Women also lost twice as much fat-free mass as men (31% vs 16%, respectively), "which is striking," as men had a larger calorie deficit, the authors note. Based on their weight and low activity level, the men would have needed 3086 calories/day and the women would have needed 2353 calories/day to maintain their weight.
Men and women had similar improvements in insulin resistance.
Maintenance Results of PREVIEW to Be Presented This Fall at EASD
This kind of very low-calorie liquid meal-replacement diet is somewhat controversial, as many experts believe that individuals cannot maintain the weight lost when they eventually return to more normal eating patterns.
"Total meal replacements have been in use for more than a decade" Brand-Miller noted, and "this is a very safe and realistic way to lose weight fast," as the reconstituted foods contain the full complement of essential micronutrients.
The "800 calories is low, but it's the reason why weight loss was fast."
The PREVIEW study used the same meal replacement products that were used in the Diabetes Remission Clinical Trial (DiRECT), Brand-Miller said.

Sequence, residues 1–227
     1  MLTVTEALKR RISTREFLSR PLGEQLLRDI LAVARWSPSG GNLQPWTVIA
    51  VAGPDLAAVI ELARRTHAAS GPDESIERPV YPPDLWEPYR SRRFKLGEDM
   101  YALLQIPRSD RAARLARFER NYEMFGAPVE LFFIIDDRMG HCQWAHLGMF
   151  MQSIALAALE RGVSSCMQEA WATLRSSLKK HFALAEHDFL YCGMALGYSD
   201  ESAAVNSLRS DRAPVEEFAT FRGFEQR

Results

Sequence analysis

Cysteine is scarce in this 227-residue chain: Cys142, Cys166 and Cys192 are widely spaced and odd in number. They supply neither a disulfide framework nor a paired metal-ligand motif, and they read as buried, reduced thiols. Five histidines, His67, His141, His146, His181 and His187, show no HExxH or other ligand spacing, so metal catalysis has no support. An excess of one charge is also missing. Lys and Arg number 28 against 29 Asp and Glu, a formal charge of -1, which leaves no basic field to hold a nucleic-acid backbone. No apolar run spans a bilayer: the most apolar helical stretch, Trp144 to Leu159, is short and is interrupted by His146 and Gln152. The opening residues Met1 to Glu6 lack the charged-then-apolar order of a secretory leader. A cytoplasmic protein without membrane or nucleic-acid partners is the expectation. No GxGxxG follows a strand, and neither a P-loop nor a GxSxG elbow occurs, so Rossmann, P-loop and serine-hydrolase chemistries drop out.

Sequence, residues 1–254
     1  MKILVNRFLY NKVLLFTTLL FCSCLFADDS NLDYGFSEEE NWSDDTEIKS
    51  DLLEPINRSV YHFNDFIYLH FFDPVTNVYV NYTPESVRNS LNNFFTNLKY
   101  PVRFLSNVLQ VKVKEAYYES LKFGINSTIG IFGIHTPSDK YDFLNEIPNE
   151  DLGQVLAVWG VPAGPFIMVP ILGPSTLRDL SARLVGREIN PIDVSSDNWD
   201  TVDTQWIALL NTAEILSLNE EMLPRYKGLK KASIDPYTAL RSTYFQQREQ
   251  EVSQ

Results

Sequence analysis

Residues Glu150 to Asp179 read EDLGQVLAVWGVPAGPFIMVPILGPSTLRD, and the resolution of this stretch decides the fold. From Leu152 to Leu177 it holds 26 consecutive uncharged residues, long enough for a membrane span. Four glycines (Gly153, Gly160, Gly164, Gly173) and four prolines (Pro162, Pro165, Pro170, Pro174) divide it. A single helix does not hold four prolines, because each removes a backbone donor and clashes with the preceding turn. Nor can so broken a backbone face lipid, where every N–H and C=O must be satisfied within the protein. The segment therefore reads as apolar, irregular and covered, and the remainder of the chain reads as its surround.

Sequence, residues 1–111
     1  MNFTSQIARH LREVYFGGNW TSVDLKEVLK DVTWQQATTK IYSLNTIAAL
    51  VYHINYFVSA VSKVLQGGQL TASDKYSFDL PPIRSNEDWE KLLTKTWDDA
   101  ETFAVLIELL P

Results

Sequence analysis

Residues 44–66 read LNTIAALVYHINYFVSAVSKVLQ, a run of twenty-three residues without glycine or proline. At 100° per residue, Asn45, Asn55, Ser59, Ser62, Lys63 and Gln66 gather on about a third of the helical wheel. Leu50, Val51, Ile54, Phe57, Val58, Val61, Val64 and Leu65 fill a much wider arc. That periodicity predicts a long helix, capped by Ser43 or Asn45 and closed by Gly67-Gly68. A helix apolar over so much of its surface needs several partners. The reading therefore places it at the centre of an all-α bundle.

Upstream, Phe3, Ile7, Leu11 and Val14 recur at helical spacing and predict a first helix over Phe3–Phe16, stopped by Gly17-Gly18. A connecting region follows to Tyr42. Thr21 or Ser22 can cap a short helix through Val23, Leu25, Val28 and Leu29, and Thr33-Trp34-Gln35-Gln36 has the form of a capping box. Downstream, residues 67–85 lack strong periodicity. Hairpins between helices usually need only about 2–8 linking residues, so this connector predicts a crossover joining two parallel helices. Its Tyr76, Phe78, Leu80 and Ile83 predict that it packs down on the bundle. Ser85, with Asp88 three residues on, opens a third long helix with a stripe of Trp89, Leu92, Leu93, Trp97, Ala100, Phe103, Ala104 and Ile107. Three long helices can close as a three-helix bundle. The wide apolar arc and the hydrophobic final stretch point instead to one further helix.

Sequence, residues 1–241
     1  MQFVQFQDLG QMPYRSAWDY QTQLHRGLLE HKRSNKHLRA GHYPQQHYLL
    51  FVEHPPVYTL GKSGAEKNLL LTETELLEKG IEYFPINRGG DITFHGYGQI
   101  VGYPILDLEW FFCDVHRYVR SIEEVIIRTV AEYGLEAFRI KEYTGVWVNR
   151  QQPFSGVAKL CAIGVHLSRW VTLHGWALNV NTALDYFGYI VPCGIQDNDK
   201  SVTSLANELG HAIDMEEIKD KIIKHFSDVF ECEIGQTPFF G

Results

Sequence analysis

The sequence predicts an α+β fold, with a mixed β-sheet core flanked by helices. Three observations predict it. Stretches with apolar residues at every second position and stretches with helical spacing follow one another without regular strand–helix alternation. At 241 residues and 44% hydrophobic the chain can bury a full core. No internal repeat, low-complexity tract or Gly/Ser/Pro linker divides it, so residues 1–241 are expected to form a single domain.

DiRECT was a year-long study in which people with type 2 diabetes consumed 850 calories/day for 3 to 5 months and then gradually reintroduced meals. The approach resulted in half of the participants going into remission; that is, they no longer had type 2 diabetes at the end of the study, as previously reported by Medscape Medical News.
The authors of DiRECT acknowledge that the big challenge is long-term avoidance of weight regain. Follow-up of DiRECT will continue for 4 years and, they said, will reveal whether weight loss and diabetes remission are achievable in the long term.
All eyes will look to the longer-term data from PREVIEW too.
"The results of the PREVIEW weight maintenance part will be announced at the [European Association for the Study of Diabetes annual meeting] in Berlin in October this year," said Brand-Miller.
Cambridge Weight Plan donated all products for the 8-week low-energy diet. Christensen received travel grants from Cambridge Weight Plan to attend scientific meetings unrelated to this article. Brand-Miller has reported no relevant financial relationships. Disclosures for the other authors are listed with the article.